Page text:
13Hourcade et al. 2010 [50]To investigate if female tract is able to select nonaffected sperm cells.MouseHeat stress and Gamma radiation to animals. - DNA damage: Comet assayThe extent of DNA damage in sperm obtained from female tract was higher following heat stress than after gamma radiation.Super-ovulatedIVF and ICSI- Heat stress reduced fertilization rates in both IVF and ICSI
- Gamma radiation decreased blastocyst rates in gamma radiation in both IVF and ICSI
- Sperm DNA fragmentation affects IVF and ICSI.
- ICSI should be performed with highly motile sperm.
14Izquierdo-Vega et al. 2008 [51]To evaluate the effects of fluoride on in vitro sperm fertilizing ability.RatRats administered with 5 mg fluoride/kg/body mass/24 h for eight weeks- SOD activity
- Intracellular superoxide anion levels
- Lipid peroxidation
Fluoride increases oxidative stress, decreases the antioxidant activity of SOD, and increases lipid peroxidation.Super-ovulatedIVF- Lower ability to fertilize oocytesFluoride exposure causes a decrease in sperm fertilization capacity.
15Jang et al. 2010 [52]To examine the developmental rates of semen treated with and without melatonin in the presence of H2O2.PigTreatment of semen with H2O2 with and without melatonin.- Lipid peroxidation: Malondialdehyde levelsExposure to H2O2 augmented lipid peroxidation, but this increase was mitigated by melatonin.IVMIVF- Fertilization was not impaired by exposure of sperm to H2O2
- Exposing sperm to H2O2 arrested the development to blastocyst, but melatonin prevented that negative effect.
Supplementation with melatonin could improve sperm quality, increasing the developmental capacity of porcine embryos.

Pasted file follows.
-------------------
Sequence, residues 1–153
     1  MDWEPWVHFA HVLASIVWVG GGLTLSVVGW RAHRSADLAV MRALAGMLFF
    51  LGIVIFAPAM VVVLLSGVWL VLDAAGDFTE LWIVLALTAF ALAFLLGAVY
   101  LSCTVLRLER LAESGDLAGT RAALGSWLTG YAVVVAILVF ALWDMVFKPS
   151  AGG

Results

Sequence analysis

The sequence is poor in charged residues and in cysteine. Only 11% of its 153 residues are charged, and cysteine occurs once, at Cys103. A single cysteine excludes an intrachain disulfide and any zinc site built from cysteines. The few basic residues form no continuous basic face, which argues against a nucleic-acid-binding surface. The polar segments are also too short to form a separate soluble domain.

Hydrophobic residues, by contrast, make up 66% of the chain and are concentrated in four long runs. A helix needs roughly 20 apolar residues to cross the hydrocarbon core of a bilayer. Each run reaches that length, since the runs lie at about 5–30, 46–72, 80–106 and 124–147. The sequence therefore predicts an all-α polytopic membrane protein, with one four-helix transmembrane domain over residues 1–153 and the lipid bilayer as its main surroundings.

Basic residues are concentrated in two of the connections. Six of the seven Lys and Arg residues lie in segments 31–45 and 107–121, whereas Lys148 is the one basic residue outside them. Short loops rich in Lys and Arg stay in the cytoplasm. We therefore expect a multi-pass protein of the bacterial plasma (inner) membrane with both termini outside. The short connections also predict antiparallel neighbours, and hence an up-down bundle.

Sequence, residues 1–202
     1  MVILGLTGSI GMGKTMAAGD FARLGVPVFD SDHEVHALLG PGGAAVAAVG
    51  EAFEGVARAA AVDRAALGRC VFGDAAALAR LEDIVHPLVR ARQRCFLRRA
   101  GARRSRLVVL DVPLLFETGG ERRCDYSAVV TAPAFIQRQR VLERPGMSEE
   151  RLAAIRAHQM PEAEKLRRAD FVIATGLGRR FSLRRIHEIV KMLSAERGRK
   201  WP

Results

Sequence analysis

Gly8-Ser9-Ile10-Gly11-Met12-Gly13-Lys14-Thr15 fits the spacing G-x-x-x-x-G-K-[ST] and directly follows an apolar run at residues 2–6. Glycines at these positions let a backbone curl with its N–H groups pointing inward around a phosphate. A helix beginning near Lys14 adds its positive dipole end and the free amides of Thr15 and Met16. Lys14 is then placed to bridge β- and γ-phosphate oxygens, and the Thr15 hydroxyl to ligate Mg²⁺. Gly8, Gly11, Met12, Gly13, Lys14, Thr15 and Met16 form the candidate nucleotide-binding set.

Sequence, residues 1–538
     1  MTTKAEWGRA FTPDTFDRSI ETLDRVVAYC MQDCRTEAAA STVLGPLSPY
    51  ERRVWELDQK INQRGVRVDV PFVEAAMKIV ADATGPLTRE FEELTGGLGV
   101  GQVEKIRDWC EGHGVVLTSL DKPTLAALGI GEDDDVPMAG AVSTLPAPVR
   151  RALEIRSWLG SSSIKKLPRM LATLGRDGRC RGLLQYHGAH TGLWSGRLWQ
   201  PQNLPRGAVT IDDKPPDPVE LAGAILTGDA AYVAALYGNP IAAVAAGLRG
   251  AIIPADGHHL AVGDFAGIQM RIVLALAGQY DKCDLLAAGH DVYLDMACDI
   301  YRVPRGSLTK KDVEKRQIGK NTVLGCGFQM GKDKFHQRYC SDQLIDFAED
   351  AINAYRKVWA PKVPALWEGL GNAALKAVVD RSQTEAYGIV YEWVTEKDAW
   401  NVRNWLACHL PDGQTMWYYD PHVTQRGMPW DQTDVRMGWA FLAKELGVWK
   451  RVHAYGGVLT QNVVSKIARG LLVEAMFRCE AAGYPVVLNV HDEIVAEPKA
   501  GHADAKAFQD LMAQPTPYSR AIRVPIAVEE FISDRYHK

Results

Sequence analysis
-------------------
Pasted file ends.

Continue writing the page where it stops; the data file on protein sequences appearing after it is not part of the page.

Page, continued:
16Li et al. 2009 [53]To evaluate whether normal offspring can be generated after exposing sperm to high NaOH concentrations.MouseHigh alkaline treatment of sperm cells- DNA damage: Acridine OrangeIncrease of DNA damage.Super-ovulatedICSI- Decrease of fertilization rates
- Reduction of implantation and live pups born
- Increase of chromosomal damage in embryos
Sperm treated with NaOH retain their ability to activate the oocyte, but embryo development is lower as NaOH concentration increases.
17Li et al. 2020 [54]To assess the extent to which the measurement of DNA fragmentation index in sperm can predict their fertilizing ability.MouseFreeze-thawing- DNA damage: TUNELCryopreservation increased DNA damage.Super-ovulatedIVF and ICSI- Sperm DNA damage reduced fertilization rates following both IVF and ICSI.
- Samples with higher DNA damage resulted in a reduction of viable offspring.
DNA fragmentation index is an accurate parameter to determine sperm quality and fertility potential.
18Llamas Luceño et al. 2020 [55]To address the impact of natural heat stress on bull fertility.CattleComparison of different bulls exposed to separate levels of heat stress- ROS production
- Lipid peroxidation
- DNA fragmentation: TUNEL
No differences in H2O2 production, lipid peroxidation and DNA damage.
A tendency to significance in total ROS production was observed.
IVMIVF- No impact of exposing sperm to heat stress upon cleavage rates
- A reduction of day 7 and 8 blastocyst rate and a delay of blastocyst hatching were observed.
Sperm fertilizing ability decreases due to male exposure to heat stress.
19Makvan-di et al. 2019 [56]To show the potential benefits of alpha lipoic acid as antioxidant in lipopolysaccharide- treated sperm cells.MouseSperm cells were incubated with lipopolysaccharide and alpha lipoic acid at different concentrations- ROS production: DCFH-DA test
- DNA damage: Acridine orange
Lipopolysaccharide augmented ROS and DNA damage, but the addition of alpha lipoic acid mitigated those increases. Super-ovulatedIVFWhile lipopolysaccharide led to lower fertilization, cleavage, compaction and blastocyst rates, this effect was reverted by alpha lipoic acid.Alpha lipoic acid is a strong antioxidant and protective sperm factor.